Bush's SOTU - rhetoric and reality on energy
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State Of The Union: The Danger of a Few Little Words
Richard Bell, Post Carbon Institute via GPM
Richard Bell, Communications Director for Post Carbon Institute, responds to President Bush's State of the Union Address. The article is followed by the energy sections of the 2006 and 2007 State of the Union Addresses.
If only the world’s glaciers were melting as slowly as the evolution of President Bush’s understanding of climate change!
For anyone concerned about Peak Oil and global warming, Bush’s State of the Union speech Tuesday evening fell far short of establishing a sound program for dealing with the nation’s energy woes or gargantuan carbon emissions. With the exception of a small increase in fuel efficiency standards, the president’s set of recommendations were about producing more energy: more oil, more coal, more solar and wind, and especially more “renewable and alternative fuels.”
...It is true that after six years of denying the existence of climate change, the two words did pass through the president’s lips during the speech. But instead of leading off the energy section of the speech, these words were literally the last two he had to say about energy. The grab bag of technologies he had just mentioned would, he claimed, “help us to confront the serious challenge of global climate change.” He provided no further information about how much impact his proposed policies might have on slowing down global warming.
Indeed, this year’s speech was substantively quite similar to last year’s, with one quite noticeable deletion. In 2006, the president said: “We will increase our research … in pollution-free cars that run on hydrogen.” Thankfully, in 2007 there was no mention of hydrogen-powered cars or other fanciful hydrogen technologies.
Democrats in the House have already filed legislation dealing with climate change, renewables, and energy efficiency that is well out in front of the president’s timid and inadequate proposals. While significantly better than the president’s program, the Democrats -like the Republicans- remain deeply wedded to market-based technological “solutions” that presuppose a future of endless economic growth.
Increasingly, however, catastrophic global events (polar melting, prolonged droughts, collapsing fisheries) are making decisions for us. The time is ripe for a politician of international stature to step forward who will honestly describe the real challenges we face, and provide leadership towards a truly sustainable world.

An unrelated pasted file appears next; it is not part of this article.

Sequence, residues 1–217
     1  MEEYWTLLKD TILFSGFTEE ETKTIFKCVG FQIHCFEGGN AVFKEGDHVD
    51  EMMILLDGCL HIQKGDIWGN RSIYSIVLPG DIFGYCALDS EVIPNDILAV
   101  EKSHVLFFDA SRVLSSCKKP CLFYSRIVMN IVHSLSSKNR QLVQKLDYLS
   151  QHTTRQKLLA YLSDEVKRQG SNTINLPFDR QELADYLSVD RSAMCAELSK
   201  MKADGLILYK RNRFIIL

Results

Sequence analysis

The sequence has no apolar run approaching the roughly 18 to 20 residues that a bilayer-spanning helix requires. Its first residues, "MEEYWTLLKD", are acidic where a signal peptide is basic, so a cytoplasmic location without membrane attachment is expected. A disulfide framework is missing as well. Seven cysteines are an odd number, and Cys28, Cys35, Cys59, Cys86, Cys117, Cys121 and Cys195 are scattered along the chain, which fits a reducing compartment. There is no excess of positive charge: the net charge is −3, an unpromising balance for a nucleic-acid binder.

(25 Jan 2007)
Switching to snake oil
Jerry Taylor, Guardian
Bush wants America to reduce its oil consumption - but subsidising ethanol production isn't the answer.
The plan that President Bush unveiled in his State of the Union Address to cut gasoline consumption by 20% over the next 10 years is so shot through with loopholes, exceptions, and escape clauses that it's impossible to say what would happen to gasoline consumption were Congress to vote his plan into law. That's probably a good thing, because without the politically convenient fine print, the president's plan would almost certainly send fuel prices shooting through the roof.
Cutting oil consumption in any significant manner means increased reliance on ethanol and other biofuels because they are easily the most cost-competitive alternative to gasoline on the market. Accordingly, it's worth noting that the president's own Department of Agriculture reports that ethanol costs about $2.53 per gallon to produce - even with the subsidies. Without them, economist Doug Koplow calculates that production costs would be at least $1 per gallon higher. Accordingly, the president's plan would increase fuel prices because gasoline costs only about half what ethanol costs on a Btu basis in wholesale markets.
Government support is unlikely to bring corn ethanol costs down because it is the very definition of a mature technology. Alas, the manufacturing costs associated with producing 200 proof grain alcohol have proven fairly fixed over time.
Cellulosic ethanol, however, is an emerging technology, so costs might well come down in the future. But they have a long ways to go.
(24 Jan 2007)
Bush's bogus cure for our oil addiction
Steve Chapman, Chicago Tribune
Americans have a love-hate relationship with oil. We depend on it to fuel our cars, trucks and sport-utility vehicles, which we cherish, but it causes us periodic pangs of guilt. Now President Bush is promising to free us of our addiction to this heroinlike substance, replacing it with clean, wholesome "renewable fuels." It will be easy and painless, and we'll feel much better. There are only two flaws in his plan: wrong problem, wrong solution.